When I was a tweenager, that wonderful age that sees you teetering on the verge of almost-adulthood, there was, what I like to call, a magazine rite of passage. It began with Dolly at around age 11. Dolly was all about celebrity crush quizzes, tips on how to ask that cute boy out, and ‘Dolly Doctor’ segments that saw distraught young girls writing – yes, physically posting a letter to the Dolly office, it was 2001 after all – their greatest hopes, dreams and fears for every Dolly reader to see. It’s an awkward time, those pre-pubescent years, but Dolly guided us through it by letting us know we weren’t alone.
Then came Cleo. The more ‘mature’ magazine. You graduated to Cleo around 14 and, in doing so, felt one step closer to those much envied post high school years. Cleo took the relationship and sex talk up a notch, but also threw in career advice and lifestyle tips. As satisfying as it was to be able to look down on the younger, more immature Dolly readers, Cleo was, in a sense, the forgotten middle child; sandwiched between Dolly and Cosmopolitan. Even back then, while I was reading Cleo, I remember wondering when I would graduate to Cosmo, which is why today’s announcement came as little surprise to me.
Today Bauer Media confirmed the closure of Cleo, with the March edition to be its last. This announcement was coupled with a shift in focus for Dolly magazine, which will be re-launched as a bi-monthly “digital first property”. Mobile video, social media and restructured digital editorial will be at the heart of this shift, with Bauer citing Dolly and Cosmo as the two titles to lead their young women’s portfolio into the future. It’s an interesting time for print, and yet another example of the impact of digital on traditional media.
Source: Audit Bureau of Circulation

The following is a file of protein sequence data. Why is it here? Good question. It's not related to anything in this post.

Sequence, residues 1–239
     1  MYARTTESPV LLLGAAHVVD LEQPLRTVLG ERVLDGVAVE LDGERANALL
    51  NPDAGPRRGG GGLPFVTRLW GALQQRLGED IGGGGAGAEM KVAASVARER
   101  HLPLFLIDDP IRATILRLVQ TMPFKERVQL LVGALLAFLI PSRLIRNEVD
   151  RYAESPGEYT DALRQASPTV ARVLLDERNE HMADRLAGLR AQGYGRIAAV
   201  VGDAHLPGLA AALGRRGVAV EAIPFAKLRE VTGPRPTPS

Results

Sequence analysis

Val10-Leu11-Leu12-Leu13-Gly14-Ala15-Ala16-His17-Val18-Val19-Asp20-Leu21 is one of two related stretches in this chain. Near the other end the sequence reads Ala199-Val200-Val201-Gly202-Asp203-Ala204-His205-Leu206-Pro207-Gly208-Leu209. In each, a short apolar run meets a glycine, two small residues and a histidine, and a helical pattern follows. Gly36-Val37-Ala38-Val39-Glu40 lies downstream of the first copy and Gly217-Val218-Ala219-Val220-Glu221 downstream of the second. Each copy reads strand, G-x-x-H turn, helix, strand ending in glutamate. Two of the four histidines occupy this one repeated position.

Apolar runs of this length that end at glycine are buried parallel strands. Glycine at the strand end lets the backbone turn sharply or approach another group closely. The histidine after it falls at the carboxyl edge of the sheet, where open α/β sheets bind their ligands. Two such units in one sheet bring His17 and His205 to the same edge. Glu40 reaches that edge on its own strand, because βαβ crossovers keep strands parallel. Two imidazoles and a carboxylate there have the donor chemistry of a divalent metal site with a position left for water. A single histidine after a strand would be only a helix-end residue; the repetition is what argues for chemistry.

While many will be quick to shout “print is dead!” upon hearing this news, I prefer to offer a more hesitant “print is dead… sort of?” Yes, Cleo magazine may be dead, but many titles aren’t. In fact, the foodie craze has given magazines such as Coles, Fresh and Taste a readership boost, with Coles boasting an impressive readership of 14.4% of Australians aged 14+*. What makes these magazines successful? They’ve found their audience. Unfortunately for Cleo, they fell victim to the kids getting older younger trend, which has seen children and young adults consuming media at a much younger age.
While Bauer says the target audience for Cleo is women aged 18-24, and Cosmo targets women aged 18-35, there is a huge amount of crossover between the two. If I was reading Cleo at 14 and Cosmo at 17, it stands to reason that today’s teenagers are reading Cosmo at an even younger age, eliminating the need for Cleo altogether.
So, while the end of Cleo doesn’t mark the end of print media as a whole, it does mark the end of an era; an era that began with Ita Buttrose at the helm, and fostered the careers of many great Australian media personalities, including Lisa Wilkinson, Mia Freedman and Deborah Thomas. So to Cleo I say goodbye – thank you for the many hours spent reading your articles, laughing at your stories, and noting your advice.
*Source: Roy Morgan Australian Magazine Readership, September 2014-September 2015
Sam Kane is a Media Coordinator at BCM